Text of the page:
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Study reveals females in Ho consume ‘akpeteshie’ beyond recommended quantities than men

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A study conducted by the University of Allied Health Sciences and the Kwame Nkrumah University of Science and Technology (KNUST) has discovered that female residents at Ho consume akpeteshie beyond recommended quantities.

Per the study led by Dr Fidelis Kpodo and Dr Nii Korley Kortei at the Department of Nutrition and Dietetics at the University of Allied Health Sciences, the majority of women (66.7%) consumed akpeteshie beyond recommended quantities (1–2 drinks/day).

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The report published in the 2023 edition of the Journal, Scientific African noted that 51.15 per cent of the males on the other hand consumed normal quantities of the drink (2–3 drinks per day).

“Females tend to consume small quantities of alcohol because of a relatively lower blood and fluid volume which is more vulnerable to the adverse outcomes of alcohol. Additionally, societal norms and traditional gender role attitudes had contributed to reduced alcohol consumption among females.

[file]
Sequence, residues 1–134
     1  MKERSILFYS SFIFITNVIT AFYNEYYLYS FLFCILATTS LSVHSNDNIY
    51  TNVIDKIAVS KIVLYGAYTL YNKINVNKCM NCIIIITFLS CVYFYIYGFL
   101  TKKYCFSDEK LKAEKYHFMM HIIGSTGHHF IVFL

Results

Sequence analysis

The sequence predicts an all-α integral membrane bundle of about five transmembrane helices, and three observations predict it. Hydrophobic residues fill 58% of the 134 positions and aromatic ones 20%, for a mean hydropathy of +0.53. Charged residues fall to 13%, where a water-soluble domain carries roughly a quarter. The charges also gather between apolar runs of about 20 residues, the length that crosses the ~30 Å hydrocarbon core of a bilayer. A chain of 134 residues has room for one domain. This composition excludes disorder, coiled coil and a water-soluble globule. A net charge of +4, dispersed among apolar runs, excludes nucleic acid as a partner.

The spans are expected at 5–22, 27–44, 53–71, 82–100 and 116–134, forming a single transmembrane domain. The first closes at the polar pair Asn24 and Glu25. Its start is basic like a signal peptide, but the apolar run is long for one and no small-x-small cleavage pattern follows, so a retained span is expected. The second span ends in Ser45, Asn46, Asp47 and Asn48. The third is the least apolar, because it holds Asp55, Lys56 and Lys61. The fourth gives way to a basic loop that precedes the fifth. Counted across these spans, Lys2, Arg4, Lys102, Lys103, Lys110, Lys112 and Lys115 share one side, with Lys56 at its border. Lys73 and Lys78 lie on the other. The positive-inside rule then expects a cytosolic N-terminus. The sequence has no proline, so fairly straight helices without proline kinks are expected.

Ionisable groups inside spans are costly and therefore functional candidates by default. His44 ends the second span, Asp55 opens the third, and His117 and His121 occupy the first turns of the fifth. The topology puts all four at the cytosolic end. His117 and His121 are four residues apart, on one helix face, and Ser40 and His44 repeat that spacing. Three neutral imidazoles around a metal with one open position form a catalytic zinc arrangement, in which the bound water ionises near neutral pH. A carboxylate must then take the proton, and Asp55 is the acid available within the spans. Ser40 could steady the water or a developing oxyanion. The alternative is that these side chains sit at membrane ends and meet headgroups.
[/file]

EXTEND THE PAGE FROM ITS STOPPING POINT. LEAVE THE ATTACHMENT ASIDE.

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“In Ghana, Akpeteshie is considered a “hard” drink and a preserve of men, hence females have high preference for beer and wine,” the study provided as reason for difference in quantity.

Akpeteshie is a locally distilled liquor in Ghana and other West African countries. The local gin is known as “Koutoukou” in Ivory Coast and “ogogoro” in Nigeria by Ohimain.

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The University of Allied Health Sciences and the Kwame Nkrumah University of Science and Technology (KNUST) undertook cross-sectional study done in Ho, Volta Region of Ghana to among others survey the types of alcoholic beverages consumed, the frequency of akpeteshie consumption as well as the volume of akpeteshie consumed.

The survey was conducted using simple random sampling of 140 participants in various drinking spots/bars in the Ho municipality.

Most participants consumed akpeteshie every day (53.57%) whilst others consumed it occasionally (8.57%), 1–2 times in a week (9.29%), 3–4 times per week (22.86%) and 5–6 times in a typical week (5.71%).


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